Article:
The Wildflower Trail is a 1.3 km paved trail that follows along the route Gen. Stonewall Jackson took when he marched from the Shenandoah Valley to Fredericksburg through New Market, Virginia.
I had some time in between hikes in Shenandoah and so I had decided to visit this very easy trail in search of one of the newest invasive grasses in the country.
|Trudging deeper into the woods|
(Wavyleaf Basketgrass) was first discovered in the 1990s in Patapsco State Park in Maryland (Peterson et al, 1999). It is a very shade-tolerant perennial grass that reputedly can crowd out competitors and cover the dark understory of forests. It is currently found only in Maryland, Virginia, West Virginia, and Pennsylvania (one treated colony), and some specimens have been found as far west as the Shenandoah area (EDDSMaps, 2020). Its ability to thrive in as low as 2-11 mols m(-2) day(-1) means it can occupy niches where even the dreaded Microstegium vimineum
(Stiltgrass) has trouble dominating.
It should be noted that a native species of this genus (Oplismenus hirtellus
and perhaps others) is also found in the United States, mostly in the Southeastern part of the country, and should not be confused with this non-native invader. They can be distinguished by the fact O. undulatifolius
is conspicuously hairier and has white flowers, whereas O. hirtellus
has purplish or reddish flowers.
|The fallen logs|
The entrance to the Wildflower Trail is pretty unobtrusive, and I would have easily missed it if I had not been using google maps to plot my way. But when I cruised into the rather large parking lot I saw that people still knew about it, because there were 5 other cars parked.
|The surprise find|
Heartened by the presence of other hikers, I trudged into the trail and made my way deeper into the forest. There were smatterings of M. vimineum
along the sides, but none of the other many plants looked like the pictures of O. undulatifolius
that I had seen on the web.
The trail ended in a circular open space, and I still had not found any evidence of the invasive grass. Instead of going back to my car in defeat, I decided to press on into the woods, and I slowly made my way forward where the piles of decaying leaves that coated the ground was less thick.
When I spied two large fallen logs I carefully leveled myself up onto one and peered into the shadowy depression formed by their intersection. Imagine the surprise I felt when I spotted a few leaves that seemed to have the rippled surface so characteristic of O. undulatifolius
The grass was intermixed with masses of M. vimineum
, as well as a few other plants, and a careful search of my surroundings revealed more of the invasive (including near a large clump of stiltgrass), although never in a large enough grouping to merit unusual attention. I even found a very young specimen that even at that small stage had the characteristic rippled leaves. I was able to quickly ID the plants because in addition to the rippled leaves, O. undulatifolius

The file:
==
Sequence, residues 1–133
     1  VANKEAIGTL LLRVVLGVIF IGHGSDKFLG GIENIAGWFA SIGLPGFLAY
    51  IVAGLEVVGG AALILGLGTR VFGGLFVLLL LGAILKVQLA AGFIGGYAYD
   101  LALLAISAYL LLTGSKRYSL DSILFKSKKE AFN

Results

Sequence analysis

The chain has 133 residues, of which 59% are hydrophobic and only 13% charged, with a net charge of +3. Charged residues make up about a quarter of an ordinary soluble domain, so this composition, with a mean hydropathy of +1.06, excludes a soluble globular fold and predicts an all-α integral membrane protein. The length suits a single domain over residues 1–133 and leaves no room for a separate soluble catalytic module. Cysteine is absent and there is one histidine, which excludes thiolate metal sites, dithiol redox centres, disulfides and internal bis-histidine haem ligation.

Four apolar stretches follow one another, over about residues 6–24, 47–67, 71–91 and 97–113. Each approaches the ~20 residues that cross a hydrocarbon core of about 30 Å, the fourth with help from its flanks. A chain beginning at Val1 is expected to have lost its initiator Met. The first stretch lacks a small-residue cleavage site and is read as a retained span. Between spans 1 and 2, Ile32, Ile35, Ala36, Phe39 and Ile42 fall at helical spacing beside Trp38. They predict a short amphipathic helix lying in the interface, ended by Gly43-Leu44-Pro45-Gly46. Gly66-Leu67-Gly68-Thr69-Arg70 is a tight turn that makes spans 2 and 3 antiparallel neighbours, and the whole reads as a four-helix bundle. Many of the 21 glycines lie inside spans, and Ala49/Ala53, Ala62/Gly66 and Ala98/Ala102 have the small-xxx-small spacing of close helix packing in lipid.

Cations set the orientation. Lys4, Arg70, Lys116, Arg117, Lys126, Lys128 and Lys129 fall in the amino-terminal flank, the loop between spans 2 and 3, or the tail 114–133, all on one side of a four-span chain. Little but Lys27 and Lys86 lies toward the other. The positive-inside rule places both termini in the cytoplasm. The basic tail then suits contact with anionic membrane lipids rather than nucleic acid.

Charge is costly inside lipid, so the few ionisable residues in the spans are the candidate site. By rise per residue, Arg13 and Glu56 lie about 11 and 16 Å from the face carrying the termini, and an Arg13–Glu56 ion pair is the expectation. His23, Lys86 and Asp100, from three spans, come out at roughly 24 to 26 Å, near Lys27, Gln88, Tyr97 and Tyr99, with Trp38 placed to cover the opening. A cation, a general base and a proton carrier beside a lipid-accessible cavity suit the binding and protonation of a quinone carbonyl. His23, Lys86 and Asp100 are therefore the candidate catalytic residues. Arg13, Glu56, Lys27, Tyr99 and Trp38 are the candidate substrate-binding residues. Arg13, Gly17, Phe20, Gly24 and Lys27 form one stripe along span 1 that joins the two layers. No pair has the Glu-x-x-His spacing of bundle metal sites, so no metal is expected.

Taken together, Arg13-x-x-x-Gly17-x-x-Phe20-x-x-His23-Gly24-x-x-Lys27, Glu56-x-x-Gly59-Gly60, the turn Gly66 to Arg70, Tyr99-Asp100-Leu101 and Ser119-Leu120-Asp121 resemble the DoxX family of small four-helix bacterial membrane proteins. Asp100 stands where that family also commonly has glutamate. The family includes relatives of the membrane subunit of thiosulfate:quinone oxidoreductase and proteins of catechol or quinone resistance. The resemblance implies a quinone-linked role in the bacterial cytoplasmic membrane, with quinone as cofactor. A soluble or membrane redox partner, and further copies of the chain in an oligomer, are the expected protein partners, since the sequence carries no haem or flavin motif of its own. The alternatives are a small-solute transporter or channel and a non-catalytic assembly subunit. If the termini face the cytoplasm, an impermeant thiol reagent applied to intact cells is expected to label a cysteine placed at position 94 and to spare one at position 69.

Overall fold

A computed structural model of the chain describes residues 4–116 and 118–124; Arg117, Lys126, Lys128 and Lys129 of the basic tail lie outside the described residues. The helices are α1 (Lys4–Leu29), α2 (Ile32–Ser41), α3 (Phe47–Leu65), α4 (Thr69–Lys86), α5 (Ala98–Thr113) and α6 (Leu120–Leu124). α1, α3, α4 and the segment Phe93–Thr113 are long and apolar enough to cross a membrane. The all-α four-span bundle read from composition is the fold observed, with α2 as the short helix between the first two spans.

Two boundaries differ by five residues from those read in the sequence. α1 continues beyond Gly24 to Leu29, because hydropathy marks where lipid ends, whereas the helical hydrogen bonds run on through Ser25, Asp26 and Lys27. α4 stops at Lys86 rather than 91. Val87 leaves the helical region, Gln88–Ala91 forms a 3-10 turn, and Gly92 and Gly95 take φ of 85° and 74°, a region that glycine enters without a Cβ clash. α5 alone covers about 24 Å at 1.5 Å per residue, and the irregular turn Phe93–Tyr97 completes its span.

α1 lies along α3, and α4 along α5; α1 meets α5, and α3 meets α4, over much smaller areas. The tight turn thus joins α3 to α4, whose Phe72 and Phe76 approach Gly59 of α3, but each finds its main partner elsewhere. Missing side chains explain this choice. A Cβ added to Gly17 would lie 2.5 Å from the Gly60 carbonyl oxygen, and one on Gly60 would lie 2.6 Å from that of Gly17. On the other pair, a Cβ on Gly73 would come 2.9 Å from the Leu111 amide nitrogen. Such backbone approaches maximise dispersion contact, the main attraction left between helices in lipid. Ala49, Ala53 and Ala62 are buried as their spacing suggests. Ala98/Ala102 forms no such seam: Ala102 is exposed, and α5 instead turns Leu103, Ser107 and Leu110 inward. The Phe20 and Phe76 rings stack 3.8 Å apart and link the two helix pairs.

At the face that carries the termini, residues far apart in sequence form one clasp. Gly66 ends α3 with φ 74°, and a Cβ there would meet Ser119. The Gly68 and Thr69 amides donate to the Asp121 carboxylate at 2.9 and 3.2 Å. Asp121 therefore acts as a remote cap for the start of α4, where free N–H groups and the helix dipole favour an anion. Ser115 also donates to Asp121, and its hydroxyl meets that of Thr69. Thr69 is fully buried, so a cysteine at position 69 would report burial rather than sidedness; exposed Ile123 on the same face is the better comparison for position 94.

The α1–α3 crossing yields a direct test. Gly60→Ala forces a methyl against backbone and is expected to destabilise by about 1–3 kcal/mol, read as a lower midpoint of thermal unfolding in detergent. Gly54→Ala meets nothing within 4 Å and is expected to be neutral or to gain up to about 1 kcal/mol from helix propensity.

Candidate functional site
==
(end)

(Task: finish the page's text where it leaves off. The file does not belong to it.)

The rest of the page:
has very hair stems, and its sprawling behavior on the forest floor also helps in the identification.
|Mixed in with the stiltgrass|
While hiking through trails in nearby Shenandoah National Park, I made it a point to look for the species, although the rapid pace of our hike meant my search was not very comprehensive at all. Nevertheless, O. undulatifolius
had been seen in the area, and it is being actively controlled by park management. This is because unlike M. vimineum
, which is now ubiquitous, this new invasive is still at that stage where it may be possible to control its spread.
|More specimens around the base of a tree|
Although it is currently only found in Maryland, Virginia, and small outbreaks in northern West Virginia, there was a chance that it might have spread towards West Virginia from the Shenandoah area, and so when I visited Wolf Gap Recreation Area in Wardenville, WV, I combed the nearby trails and campgrounds for any signs of the species. I also visited Shrine Mont in Orkney Springs, which lies near the border of West Virginia and Virginia. In both cases, I found M. vimineum
in abundance, but no sign of the newer invasive.
|Two younger individuals|
However, the spread of O. undulatifolius
to other states is something that I believe is inevitable. Vanessa Beauchamp, an invasive plant ecologist in Maryland who specializes in the species and fought valiantly to contain its spread, found that its sticky seeds stuck easily not only to people's pants legs, but also to passing animals like pet dogs. During one test, she discovered that a pet dog who run for 30 seconds in a field of O. undulatifolius
managed to pick up an amazing 2000 seeds.
Given such fecundity, and coupled to the perennial lifestyle of the species and its ability to thrive in deep forest canopies, it is probably only a matter of time before it threatens major parts of the northeastern half of the USA.
|A very young specimen already has the characteristic rippled leaves|
For more on O. undulatifolius
on this site, click here
EDDMapS. 2020. Early Detection & Distribution Mapping System. The University of Georgia - Center for Invasive Species and Ecosystem Health. Available online at http://www.eddmaps.org/; last accessed July 25, 2020.
Peterson, P.M., E.E. Terrell, E.C. Uebel, C.A. Davis, H. Scholz, and R.J. Soreng. 1999. (Scientific Note) Oplismenus hirtellus subspecies undulatifolius, A new record for North America. Castanea 64:201-202.